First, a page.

Language Arts, Writing, Journaling, Art, Mediums
Grade 1- 3
Students will learn about and practice real-object writing.
Young children are very kinesthetic learners who love to see, hear, smell, taste, and touch real objects. The objects or props you use when studying dinosaurs, such as model dinosaurs or fossil specimens, are called "realia."
This realia is very important when children are involved in object writing. There are two different object-writing types. The first one deals with children writing about their own personal experiences with the subject. For example, children may be asked to wear their favorite T-shirts and then write about the shirts; where they got them, what makes them so special, etc. The second type of object writing deals with "anthropomorphism" or ascribing human form or attributes to a nonhuman thing or being. For example, many pet owners do this with their pets, treating them more like small human babies, talking to them, cuddling them, etc.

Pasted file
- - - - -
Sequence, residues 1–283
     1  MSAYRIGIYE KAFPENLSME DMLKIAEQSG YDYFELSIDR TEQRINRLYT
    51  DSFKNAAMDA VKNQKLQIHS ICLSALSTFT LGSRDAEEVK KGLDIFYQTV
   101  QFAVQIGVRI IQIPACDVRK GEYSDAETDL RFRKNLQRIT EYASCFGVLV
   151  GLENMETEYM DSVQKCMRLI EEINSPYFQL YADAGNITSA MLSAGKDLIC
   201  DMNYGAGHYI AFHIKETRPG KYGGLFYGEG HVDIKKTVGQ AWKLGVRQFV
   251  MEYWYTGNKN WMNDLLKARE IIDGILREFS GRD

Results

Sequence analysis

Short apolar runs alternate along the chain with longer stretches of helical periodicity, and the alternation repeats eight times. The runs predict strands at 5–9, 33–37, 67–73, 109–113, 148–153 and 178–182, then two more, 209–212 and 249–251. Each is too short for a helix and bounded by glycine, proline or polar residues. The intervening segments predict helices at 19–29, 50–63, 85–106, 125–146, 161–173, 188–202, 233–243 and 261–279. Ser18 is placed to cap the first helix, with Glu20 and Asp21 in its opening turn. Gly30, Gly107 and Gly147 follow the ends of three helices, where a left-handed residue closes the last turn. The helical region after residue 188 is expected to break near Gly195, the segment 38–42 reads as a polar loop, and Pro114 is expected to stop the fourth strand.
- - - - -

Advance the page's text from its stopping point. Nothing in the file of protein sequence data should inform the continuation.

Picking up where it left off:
For young writers, beginning object-writing lessons consist of fill-in stories. This gives them guidelines and experience in reading complete sentences in a beginning-to-ending format, which tells detailed information about the writing subject.
This anthropomorphic object writing activity has specific directions for students to follow. This kind of writing can be challenging for children because it requires writing complete sentences. You may want to enlist the help of adult volunteers or cross-age peers, to help the children fill in their story ideas.
If possible, bring in a leaf for each child to place on his or her desk while completing the activity.